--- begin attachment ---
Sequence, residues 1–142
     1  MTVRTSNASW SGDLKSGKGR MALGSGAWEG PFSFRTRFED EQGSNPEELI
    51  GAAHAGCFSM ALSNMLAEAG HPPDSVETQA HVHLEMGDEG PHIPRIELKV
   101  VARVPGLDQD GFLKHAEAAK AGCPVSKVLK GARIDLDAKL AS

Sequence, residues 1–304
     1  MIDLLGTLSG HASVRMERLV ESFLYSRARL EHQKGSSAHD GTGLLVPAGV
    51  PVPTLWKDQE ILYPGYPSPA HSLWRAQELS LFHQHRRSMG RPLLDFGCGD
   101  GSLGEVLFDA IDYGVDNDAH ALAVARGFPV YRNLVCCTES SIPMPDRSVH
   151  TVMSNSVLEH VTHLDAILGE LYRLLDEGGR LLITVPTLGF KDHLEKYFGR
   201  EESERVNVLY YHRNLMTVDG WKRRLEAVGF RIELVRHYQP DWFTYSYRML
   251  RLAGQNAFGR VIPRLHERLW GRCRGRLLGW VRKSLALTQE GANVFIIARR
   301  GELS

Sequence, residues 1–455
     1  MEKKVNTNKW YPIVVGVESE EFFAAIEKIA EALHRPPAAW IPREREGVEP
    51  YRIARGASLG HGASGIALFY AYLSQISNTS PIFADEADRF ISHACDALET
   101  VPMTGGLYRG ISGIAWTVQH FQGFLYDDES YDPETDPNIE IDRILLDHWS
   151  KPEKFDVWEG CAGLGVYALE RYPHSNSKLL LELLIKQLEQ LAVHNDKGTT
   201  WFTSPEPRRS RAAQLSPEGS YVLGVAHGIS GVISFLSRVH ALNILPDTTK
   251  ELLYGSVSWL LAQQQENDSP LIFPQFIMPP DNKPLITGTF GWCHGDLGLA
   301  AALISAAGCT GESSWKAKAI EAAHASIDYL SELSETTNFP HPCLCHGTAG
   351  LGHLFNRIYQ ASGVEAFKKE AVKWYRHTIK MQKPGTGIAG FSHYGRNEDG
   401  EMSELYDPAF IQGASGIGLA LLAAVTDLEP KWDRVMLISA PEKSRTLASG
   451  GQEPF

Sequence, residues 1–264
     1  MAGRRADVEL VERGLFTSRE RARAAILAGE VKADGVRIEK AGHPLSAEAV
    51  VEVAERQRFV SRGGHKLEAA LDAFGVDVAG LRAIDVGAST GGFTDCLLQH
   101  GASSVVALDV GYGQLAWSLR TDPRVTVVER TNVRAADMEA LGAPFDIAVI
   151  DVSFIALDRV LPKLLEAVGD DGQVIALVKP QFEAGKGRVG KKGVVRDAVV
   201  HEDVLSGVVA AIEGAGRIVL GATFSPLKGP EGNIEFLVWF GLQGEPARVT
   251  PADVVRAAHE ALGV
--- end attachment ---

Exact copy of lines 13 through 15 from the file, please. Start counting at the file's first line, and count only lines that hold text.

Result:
Sequence, residues 1–455
     1  MEKKVNTNKW YPIVVGVESE EFFAAIEKIA EALHRPPAAW IPREREGVEP
    51  YRIARGASLG HGASGIALFY AYLSQISNTS PIFADEADRF ISHACDALET